FIG. 8 illustrates an exploded isometric view of the pluggable connector member 8. The lower silicon guide block 41 is shown with optical fibers 15 in preferentially etched V-groove mounts on the upper surface and keyed slot 45 on the lower surface. Upper guide block 40 is the mirror image conjugate of lower guide block 41. The lower silicon carrier member 41 is placed in the lower plastic housing 48 so that rib 44 engages groove 45. Retention ears 42 provide positive locking of the fiber ribbon cable 43 into retention well 46 in the lower connector housing 48. Similar corresponding features lock the upper guide block 40 to rib retention well 45 on the upper surface of upper guide block 40 inter-lock with the semi-buried fibers 15 to complete the fiber carrier support assembly 8. Upper plastic housing 47 and lower plastic housing 48 are assembly bonded together. Ridged surface 49 provides non-slip handling.
When optical ports are not in use, the lens 17 can be protected with a dust cover or protective plug. This plug has the same design as the pluggable connector shown in FIG. 8, but without the associated optics. It consists of simply the connector assembly with a piece of etched silicon that mates with the embedded connector to cover the cylindrical lens. A similar cover can be conceived for the pluggable side of the connector when it is not in use.
As an additional enhancement, the connector shown in FIG. 8 can be modified for use as a wrap plug for optoelectronic testing. Adjacent optical fibers 15 would be fusion spliced together so that an optical output signal from the module would be wrapped to the adjacent input signal. The use of wrap and protect plugs makes it possible to fabricate a multichip module with several partitioned edge connectors and then use only a few connections in the application. The remaining connection ports can be covered with wrap or protect plugs when not in use. The additional capacity can be added at any time by removing the protect/wrap plug and inserting a pluggable connector. This provides extendibility in the application.
It should be understood that the above-described embodiments of this application are presented as examples and not as limitations. Modification may occur to those skilled in the art. Accordingly, the invention is not to be regarded as being limited by the embodiments disclosed herein, but as defined by the appended claims.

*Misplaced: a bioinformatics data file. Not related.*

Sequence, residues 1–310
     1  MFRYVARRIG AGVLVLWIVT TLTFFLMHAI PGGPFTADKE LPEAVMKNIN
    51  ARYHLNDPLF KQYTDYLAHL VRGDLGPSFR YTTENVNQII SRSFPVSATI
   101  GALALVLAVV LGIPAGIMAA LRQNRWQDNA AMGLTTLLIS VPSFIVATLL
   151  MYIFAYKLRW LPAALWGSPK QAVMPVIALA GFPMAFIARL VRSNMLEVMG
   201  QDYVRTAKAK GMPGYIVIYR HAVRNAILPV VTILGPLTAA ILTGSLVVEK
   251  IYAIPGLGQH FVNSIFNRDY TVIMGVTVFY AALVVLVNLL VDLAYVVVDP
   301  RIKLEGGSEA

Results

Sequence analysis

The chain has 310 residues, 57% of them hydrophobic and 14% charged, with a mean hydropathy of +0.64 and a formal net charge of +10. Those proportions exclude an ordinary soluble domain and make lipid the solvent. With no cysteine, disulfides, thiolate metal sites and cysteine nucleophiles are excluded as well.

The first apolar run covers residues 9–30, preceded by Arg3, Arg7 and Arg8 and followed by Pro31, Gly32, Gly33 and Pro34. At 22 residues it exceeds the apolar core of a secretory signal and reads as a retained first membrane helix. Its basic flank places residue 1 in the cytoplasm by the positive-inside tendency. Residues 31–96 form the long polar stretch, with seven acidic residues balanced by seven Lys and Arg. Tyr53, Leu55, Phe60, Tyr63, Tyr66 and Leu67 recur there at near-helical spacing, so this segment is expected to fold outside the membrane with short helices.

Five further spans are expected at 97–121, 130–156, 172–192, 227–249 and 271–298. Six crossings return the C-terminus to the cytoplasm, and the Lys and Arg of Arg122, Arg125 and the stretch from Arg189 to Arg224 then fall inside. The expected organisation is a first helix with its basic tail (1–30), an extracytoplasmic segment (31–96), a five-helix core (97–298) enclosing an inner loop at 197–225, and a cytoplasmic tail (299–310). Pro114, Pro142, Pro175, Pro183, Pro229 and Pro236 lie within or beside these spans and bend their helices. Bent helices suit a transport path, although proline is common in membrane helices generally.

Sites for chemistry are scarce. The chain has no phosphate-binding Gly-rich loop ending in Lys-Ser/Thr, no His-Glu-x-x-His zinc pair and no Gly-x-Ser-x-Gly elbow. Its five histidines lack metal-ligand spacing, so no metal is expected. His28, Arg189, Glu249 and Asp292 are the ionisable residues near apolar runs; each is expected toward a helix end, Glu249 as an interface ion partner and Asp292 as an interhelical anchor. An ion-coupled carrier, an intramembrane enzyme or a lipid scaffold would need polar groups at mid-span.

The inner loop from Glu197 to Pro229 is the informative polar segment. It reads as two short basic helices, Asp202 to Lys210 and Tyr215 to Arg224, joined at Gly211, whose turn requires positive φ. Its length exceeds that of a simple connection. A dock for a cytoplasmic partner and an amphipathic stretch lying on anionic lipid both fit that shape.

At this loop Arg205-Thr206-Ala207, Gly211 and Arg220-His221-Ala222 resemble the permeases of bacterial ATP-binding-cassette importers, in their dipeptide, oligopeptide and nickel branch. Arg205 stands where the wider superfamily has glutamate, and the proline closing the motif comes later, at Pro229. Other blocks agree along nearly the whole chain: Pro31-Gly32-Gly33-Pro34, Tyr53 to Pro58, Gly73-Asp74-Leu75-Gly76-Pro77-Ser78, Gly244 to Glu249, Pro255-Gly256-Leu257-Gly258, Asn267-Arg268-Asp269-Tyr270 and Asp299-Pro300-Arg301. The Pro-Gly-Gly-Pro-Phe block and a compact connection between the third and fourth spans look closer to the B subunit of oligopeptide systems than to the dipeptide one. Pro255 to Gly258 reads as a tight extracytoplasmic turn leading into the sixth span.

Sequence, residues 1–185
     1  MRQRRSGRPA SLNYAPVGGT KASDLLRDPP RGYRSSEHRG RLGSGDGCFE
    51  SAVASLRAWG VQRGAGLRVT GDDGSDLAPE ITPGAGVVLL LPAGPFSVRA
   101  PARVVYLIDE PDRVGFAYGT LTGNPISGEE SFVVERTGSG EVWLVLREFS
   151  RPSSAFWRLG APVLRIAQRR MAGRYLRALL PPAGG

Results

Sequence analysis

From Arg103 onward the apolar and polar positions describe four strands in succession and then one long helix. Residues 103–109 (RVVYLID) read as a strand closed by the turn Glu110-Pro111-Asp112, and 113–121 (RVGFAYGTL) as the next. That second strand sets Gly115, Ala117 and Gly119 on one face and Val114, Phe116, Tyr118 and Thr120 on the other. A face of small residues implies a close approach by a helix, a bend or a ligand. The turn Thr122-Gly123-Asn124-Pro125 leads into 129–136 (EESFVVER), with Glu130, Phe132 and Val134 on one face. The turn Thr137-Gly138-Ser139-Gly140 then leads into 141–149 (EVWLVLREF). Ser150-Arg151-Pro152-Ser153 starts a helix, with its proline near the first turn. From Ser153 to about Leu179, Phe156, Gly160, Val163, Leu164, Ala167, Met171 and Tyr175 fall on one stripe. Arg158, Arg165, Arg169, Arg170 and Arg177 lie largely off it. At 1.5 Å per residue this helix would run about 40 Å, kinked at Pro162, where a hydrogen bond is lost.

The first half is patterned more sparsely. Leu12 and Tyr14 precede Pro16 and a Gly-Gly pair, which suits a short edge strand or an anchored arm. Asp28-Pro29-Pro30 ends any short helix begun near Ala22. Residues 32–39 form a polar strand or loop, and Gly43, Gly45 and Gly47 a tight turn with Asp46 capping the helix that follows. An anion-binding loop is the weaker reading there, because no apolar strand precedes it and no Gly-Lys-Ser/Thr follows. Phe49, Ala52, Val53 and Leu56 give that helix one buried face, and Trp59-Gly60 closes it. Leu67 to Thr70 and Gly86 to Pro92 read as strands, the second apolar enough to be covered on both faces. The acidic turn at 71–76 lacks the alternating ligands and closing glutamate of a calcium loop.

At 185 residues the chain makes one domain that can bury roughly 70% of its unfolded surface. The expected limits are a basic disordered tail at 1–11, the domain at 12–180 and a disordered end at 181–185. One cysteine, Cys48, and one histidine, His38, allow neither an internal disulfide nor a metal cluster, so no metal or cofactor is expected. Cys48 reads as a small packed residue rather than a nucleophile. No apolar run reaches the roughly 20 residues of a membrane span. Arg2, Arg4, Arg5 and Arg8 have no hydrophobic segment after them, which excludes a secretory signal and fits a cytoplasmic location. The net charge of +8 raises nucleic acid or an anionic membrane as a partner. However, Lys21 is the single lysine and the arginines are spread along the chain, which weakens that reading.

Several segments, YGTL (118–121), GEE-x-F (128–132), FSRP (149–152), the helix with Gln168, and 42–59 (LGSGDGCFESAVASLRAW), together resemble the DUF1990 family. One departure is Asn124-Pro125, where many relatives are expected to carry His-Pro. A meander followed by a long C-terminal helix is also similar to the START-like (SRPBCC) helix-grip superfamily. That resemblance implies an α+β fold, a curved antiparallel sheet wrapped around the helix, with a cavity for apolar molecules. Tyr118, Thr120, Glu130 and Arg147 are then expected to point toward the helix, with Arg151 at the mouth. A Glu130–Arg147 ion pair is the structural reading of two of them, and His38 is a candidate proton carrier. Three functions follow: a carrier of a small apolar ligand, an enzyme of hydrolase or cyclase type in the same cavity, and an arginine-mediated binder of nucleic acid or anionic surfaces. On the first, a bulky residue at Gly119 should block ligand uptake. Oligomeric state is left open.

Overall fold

|Cited Patent||Filing date||Publication date||Applicant||Title|
|US4291943 *||Feb 21, 1980||Sep 29, 1981||Minnesota Mining And Manufacturing Company||Connector for optical fiber cables|
|US4322127 *||Dec 31, 1979||Mar 30, 1982||International Business Machines Corporation||Self-aligned plug connector for optical fibers|
|US4553813 *||May 16, 1983||Nov 19, 1985||International Business Machines Corporation||Fiber optic connector system for integrated circuit modules|
|US4553814 *||Sep 14, 1983||Nov 19, 1985||International Business Machines Corporation||Detachable fiber optic connector assembly|
|US4707067 *||Feb 22, 1985||Nov 17, 1987||Siemens Aktiengesellschaft||Opto-electronic module housing|
|US5155786 *||Apr 29, 1991||Oct 13, 1992||International Business Machines Corporation||Apparatus and a method for an optical fiber interface|
|US5173668 *||Apr 29, 1991||Dec 22, 1992||International Business Machines Corporation||Apparatus and a method for an electrical transmission-line interface|
|US5241614 *||Jun 3, 1992||Aug 31, 1993||International Business Machines Corporation||Apparatus and a method for an optical fiber interface|
|1||Balliet, L. et al., "Built-In Alignment Circuit For Fiber-Optic Silicon Optical Bench", IBM Technical Disclosure Bulletin, vol. 24, No. 2, pp. 1158-1160, Jul. 1981.|
|2||*||Balliet, L. et al., Built In Alignment Circuit For Fiber Optic Silicon Optical Bench , IBM Technical Disclosure Bulletin, vol. 24, No. 2, pp. 1158 1160, Jul. 1981.|
|3||Brady, M. J. et al., "Self-Aligned Optical Fiber/Laser Structure", IBM Technical Disclosure Bulletin, vol. 26, No. 11, pp. 5993-5995, Apr. 1984.|
|4||*||Brady, M. J. et al., Self Aligned Optical Fiber/Laser Structure , IBM Technical Disclosure Bulletin, vol. 26, No. 11, pp. 5993 5995, Apr. 1984.|
|Citing Patent||Filing date||Publication date||Applicant||Title|
|US5436993 *||Jan 18, 1994||Jul 25, 1995||Sirti S.P.A.||Multiple connector for multi-fibre optic ribbons|
|US5450508 *||Dec 8, 1994||Sep 12, 1995||International Business Machines Corporation||Apparatus and method for optical fiber alignment using adaptive feedback control loop|
|US5499311 *||Dec 16, 1994||Mar 12, 1996||International Business Machines Corporation||Receptacle for connecting parallel fiber optic cables to a multichip module|
|US5522000 *||Jul 29, 1994||May 28, 1996||Northern Telecom Limited||Providing optical coupling with single crystal substrate mounted electro-optic transducers|
|US5729644 *||Feb 26, 1996||Mar 17, 1998||Alcoa Fujikura Limited||Receptacle for multi-fiber connector|
|US5745624 *||Aug 23, 1996||Apr 28, 1998||The Boeing Company||Automatic alignment and locking method and apparatus for fiber optic module manufacturing|
|US5745631 *||Jan 26, 1996||Apr 28, 1998||Irvine Sensors Corporation||Self-aligning optical beam system|
|US5778123 *||Mar 12, 1996||Jul 7, 1998||Minnesota Mining And Manufacturing Company||Alignment assembly for multifiber or single fiber optical cable connector|
|US5841923 *||Jan 31, 1997||Nov 24, 1998||Alps Electric Co., Ltd.||Light-emitting module|